Doug Glassman, who Tumblrs at '80s Marvel Rocks!]
Last summer, I expressed my frustration at the switch from a deluxe softcover edition of Kevin Smith's Green Arrow run to an Absolute Edition. I only found an inexpensive copy of the original Green Arrow: Quiver trade two weeks ago after months of searching practically every comic book store and convention in Florida. The story holds a particular significance for me as it was one of the first all-encompassing DC Universe comics I read during my quest to prepare for Green Lantern: Rebirth. I'm also probably the only person who was drawn to the comic not by the presence of Smith or the return of Oliver Queen, but by Phil Hester's artwork. So how does Quiver hold up all these years later?
It's popular to criticize Kevin Smith for his comic book writing skills, and some of his projects (like Batman: The Widening Gyre) do deserve that scorn. But I find that Smith is a skilled writer who needs editorial guidance, and the DC editors were able to reign him in for the most part when writing Green Arrow. Like Robert Kirkman, Smith has a tendency to put far too many words in a single speech bubble. Hester and Ande Parks drew the book such a way that the bubbles tend to not obscure too much of the action. Fans have also given Kevin Smith flack for his treatment of Stanley and his Monster as the basis of the book's villain. Personally, I thought it was in line with what Vertigo did to classic characters that were revamped in Sandman. The violence would be more shocking were it not in a book with more than one bloody battle.
The use of Stanley and his Monster is just one piece of the puzzle that Smith creates from strong research into DC continuity. The method used to resurrect Ollie and reset his mind is one of the best retcons I've ever read and one of the rare "perfect" resurrections. For me, a perfect resurrection brings back a character that adds something to the overall universe while not diminishing any replacements. Ollie's return does not come at the expense of his past or his family (the mistreatment of Connor Hawke would happen later with other creative teams). His sacrifice still occurred and his flawed relationships with Black Canary and Arsenal still happened; he just lacks a connection to them until the end.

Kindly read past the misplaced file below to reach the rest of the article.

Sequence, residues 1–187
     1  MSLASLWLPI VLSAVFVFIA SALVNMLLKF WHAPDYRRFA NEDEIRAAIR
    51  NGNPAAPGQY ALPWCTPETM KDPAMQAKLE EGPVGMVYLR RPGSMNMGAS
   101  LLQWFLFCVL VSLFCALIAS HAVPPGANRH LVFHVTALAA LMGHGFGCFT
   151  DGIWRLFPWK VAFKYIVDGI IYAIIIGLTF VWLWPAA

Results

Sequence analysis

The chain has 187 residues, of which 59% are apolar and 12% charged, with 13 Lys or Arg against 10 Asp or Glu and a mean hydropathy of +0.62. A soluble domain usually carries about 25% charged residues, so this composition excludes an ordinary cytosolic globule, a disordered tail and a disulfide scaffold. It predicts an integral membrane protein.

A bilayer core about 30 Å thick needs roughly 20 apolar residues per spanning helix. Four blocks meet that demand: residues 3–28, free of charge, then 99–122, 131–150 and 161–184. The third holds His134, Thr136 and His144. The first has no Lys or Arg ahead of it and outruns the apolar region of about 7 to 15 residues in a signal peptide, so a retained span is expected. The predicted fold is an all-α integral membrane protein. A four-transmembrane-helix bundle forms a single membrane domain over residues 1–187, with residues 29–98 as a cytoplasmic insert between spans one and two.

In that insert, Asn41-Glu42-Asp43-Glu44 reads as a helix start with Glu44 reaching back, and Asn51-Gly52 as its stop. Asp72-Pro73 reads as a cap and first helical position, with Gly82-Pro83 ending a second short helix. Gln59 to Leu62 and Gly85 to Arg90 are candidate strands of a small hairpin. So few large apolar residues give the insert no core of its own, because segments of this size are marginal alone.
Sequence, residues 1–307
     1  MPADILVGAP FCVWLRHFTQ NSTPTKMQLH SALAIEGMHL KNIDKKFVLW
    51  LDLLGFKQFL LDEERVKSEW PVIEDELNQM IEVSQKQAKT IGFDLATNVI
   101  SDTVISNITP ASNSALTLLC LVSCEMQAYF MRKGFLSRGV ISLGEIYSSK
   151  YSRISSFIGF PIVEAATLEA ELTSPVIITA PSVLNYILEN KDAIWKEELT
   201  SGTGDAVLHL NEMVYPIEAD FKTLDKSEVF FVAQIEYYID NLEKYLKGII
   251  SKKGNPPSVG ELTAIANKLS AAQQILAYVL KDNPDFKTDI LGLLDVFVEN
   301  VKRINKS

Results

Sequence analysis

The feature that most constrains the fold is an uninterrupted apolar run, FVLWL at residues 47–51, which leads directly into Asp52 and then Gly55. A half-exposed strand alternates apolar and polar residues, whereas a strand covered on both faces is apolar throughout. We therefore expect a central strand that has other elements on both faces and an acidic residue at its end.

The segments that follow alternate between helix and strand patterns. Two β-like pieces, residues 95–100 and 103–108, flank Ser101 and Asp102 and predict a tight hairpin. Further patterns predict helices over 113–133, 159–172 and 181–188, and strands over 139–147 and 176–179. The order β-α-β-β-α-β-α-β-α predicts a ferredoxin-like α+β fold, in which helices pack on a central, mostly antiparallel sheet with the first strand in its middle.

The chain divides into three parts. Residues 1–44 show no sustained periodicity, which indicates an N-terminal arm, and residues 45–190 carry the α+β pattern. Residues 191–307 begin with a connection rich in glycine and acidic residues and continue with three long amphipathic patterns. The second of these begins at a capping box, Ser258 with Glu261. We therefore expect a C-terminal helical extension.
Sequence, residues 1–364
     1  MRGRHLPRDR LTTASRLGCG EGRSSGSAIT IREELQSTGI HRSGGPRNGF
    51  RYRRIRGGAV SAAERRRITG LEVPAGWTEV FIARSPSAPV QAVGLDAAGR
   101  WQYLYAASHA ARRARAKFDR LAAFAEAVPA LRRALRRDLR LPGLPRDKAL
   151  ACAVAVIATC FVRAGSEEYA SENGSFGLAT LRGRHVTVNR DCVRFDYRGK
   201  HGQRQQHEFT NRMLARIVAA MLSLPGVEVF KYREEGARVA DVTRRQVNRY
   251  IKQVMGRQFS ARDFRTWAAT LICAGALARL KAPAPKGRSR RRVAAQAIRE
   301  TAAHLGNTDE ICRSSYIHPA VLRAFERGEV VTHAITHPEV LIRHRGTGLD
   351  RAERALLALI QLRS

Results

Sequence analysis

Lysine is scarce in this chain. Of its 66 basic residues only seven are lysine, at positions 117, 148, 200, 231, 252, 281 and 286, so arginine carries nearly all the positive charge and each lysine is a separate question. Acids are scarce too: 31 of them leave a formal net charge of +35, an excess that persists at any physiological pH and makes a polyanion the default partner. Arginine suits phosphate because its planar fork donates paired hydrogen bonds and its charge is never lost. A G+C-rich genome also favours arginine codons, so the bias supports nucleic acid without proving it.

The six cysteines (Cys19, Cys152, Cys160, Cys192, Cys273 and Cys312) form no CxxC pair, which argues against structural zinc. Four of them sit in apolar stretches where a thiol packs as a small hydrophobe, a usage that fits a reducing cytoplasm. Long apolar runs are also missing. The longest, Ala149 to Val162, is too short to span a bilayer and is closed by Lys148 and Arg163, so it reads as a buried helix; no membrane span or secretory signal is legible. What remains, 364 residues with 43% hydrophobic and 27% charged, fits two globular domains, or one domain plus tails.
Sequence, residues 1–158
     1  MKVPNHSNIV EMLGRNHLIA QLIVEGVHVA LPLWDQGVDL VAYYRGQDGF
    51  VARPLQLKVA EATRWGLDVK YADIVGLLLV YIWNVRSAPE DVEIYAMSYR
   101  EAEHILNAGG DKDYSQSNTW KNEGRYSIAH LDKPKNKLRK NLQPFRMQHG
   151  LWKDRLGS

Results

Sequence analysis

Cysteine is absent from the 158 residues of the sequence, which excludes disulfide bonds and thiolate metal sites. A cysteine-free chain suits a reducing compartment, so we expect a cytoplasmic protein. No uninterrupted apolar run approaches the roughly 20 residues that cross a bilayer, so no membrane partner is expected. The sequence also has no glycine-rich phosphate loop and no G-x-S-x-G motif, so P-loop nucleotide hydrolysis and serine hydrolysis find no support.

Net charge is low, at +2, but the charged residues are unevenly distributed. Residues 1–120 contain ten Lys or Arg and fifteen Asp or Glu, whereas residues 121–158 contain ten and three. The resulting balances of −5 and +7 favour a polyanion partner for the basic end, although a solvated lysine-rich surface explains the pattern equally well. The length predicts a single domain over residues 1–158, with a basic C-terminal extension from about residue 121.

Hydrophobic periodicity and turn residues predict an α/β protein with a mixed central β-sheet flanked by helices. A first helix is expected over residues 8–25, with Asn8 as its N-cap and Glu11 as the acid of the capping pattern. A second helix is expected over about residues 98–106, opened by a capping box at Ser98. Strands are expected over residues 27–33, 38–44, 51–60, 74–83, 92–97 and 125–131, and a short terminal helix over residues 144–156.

Upon re-reading Quiver, I realized that the best scene Smith uses to explore Ollie's rebirth is the fight with Black Manta (still mutated from Underworld Unleashed). It turns into a team-up with Aquaman, who was the most changed of any of the JLA founders at the time due to his 1990s makeover. Even though he never seemed that close to Ollie when he was alive, his exuberance upon discovering his friend makes it clear to the returned Green Arrow that something is really wrong. For his part, Aquaman ignores that Ollie has severe memory loss and is just happy that someone from the old days is back. In comparison, Wonder Woman is pleased but rather indifferent, Superman is perplexed, and Batman knocks him out to dissect him.
It's worth noting that the classic JLA: Tower of Babel story occurred only a few months before the release of the first issue of the revived Green Arrow. Between that and the madness of No Man's Land, Batman is at his most suspicious and paranoid, convinced for quite some time that Ollie is some sort of trick or trap. Instead of Nightwing or Robin, he has Spoiler at his side during his examination of Green Arrow, perhaps because someone who had met Ollie would try to convince Batman to go easier on him [I think Spoiler was in and Robin was out at that moment -- ed.]. Spoiler's presence also works as a coincidental dry run for what would eventually become Mia Dearden's version of Speedy. Mia seems a bit superfluous here, but her arc gets a strong start with her defeat of her pimp.
As if all of these characters weren't enough, Etrigan enters the plot halfway through the trade, but his presence is welcome. Because of the big reveal towards the end, Etrigan ends up as one of the book's major villains alongside Batman. Smith puts a lot of effort into Etrigan's rhyming dialogue and even does his best to keep a steady meter. Etrigan's desperate actions drive home the danger of Ollie's existence as a hollow shell that could be taken over. The idea of "hollows" is something that I would've liked to see take root further in the DC universe. Ollie's visit to Heaven to meet his soul shortly thereafter is a really touching moment, allowing him to meet up with Barry Allen once again.
Maybe Convergence should've ended with the reveal that ever since his resurrection, Barry has been a possessed hollow . . .
Honestly, Convergence and the nostalgia it's stirred is another reason why I'm reviewing this trade. I've spent too much time trying to come up with where DC should start over if it did -- what I call a "save point." Trying to line up the different titles of the era to find a perfect starting point is inexact but Green Arrow: Quiver is usually the center. There's so much promise for Green Arrow that I don't think really was fulfilled in favor of returning to the Arrow/Canary status quo. Even with all of the references to Parallax, Final Night and other '90s stories, I think Quiver is a must-read for fans of every Green Arrow iteration, including the television show.
Next week, it's a look at the story that inspired one of the most anticipated Secret Wars tie-ins.